Edward H. Clarke

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Edward Hedrick Clarke (December 23, 1939 - October 10, 2013) was an American Senior Economist with the Office of Management and Budget, (Office of Information and Regulatory Affairs) involved in transportation regulatory affairs.

Born in Richmond, Virginia, Clarke was a graduate of Princeton University in 1962 and the University of Chicago, where he received an MBA (1965) and a Ph.D (1978). He worked in public policy at the city/regional (Chicago), State, Federal and international levels. He worked for the Federal government as an economist for more than 35 years.

As relates to his expertise in transportation economics and policy, he served as an urban economic analyst with the Real Estate Research Corporation of Chicago and the State of Illinois Bureau of the Budget (as economic advisor to the Director). In both of these jobs he was involved in various aspects of transportation finance and planning. He served as special assistant to the Secretary of the Treasury (George P. Shultz) and chief economist at A. I. D's Bureau of Planning and Policy Coordination. During the mid-1970s, he was heavily involved in airline and trucking deregulation and most recently in oversight of Federal regulatory activities affecting transportation.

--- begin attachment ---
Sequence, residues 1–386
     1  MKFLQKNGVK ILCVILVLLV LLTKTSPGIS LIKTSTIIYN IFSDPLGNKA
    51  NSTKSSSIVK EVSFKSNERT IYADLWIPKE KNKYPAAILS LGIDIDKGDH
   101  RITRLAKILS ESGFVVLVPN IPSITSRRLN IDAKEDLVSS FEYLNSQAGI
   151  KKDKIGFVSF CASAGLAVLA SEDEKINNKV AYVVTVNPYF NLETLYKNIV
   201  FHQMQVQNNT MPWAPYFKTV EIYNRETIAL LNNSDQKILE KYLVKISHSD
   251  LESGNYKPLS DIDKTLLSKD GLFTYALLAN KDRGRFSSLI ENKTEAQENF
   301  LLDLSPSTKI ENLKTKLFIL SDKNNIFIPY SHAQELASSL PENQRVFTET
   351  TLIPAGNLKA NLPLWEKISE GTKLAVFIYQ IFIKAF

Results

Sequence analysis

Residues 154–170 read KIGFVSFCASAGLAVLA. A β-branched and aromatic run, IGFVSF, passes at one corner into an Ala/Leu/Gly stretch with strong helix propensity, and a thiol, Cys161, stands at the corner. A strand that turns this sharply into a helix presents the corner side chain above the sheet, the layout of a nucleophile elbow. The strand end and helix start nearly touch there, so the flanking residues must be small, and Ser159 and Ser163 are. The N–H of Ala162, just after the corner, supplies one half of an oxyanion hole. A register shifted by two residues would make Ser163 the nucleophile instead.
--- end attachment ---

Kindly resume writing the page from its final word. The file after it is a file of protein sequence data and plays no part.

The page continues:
In public economics, he developed the demand revealing mechanism for public project selection which was noted in the Nobel Committee's award of the 1996 Nobel Prize in Economics to William Vickrey. Clarke's 1994 TRB paper (with Wayne Brough and Nicolaus Tideman), entitled "Airport Congestion and Noise, Interplay of Allocation and Distribution" illustrates the potential applicability of the Vickrey and Clarke/Groves demand revealing mechanisms to problems of transportation congestion. This method was the subject of Nobel Prizes awarded in 2007.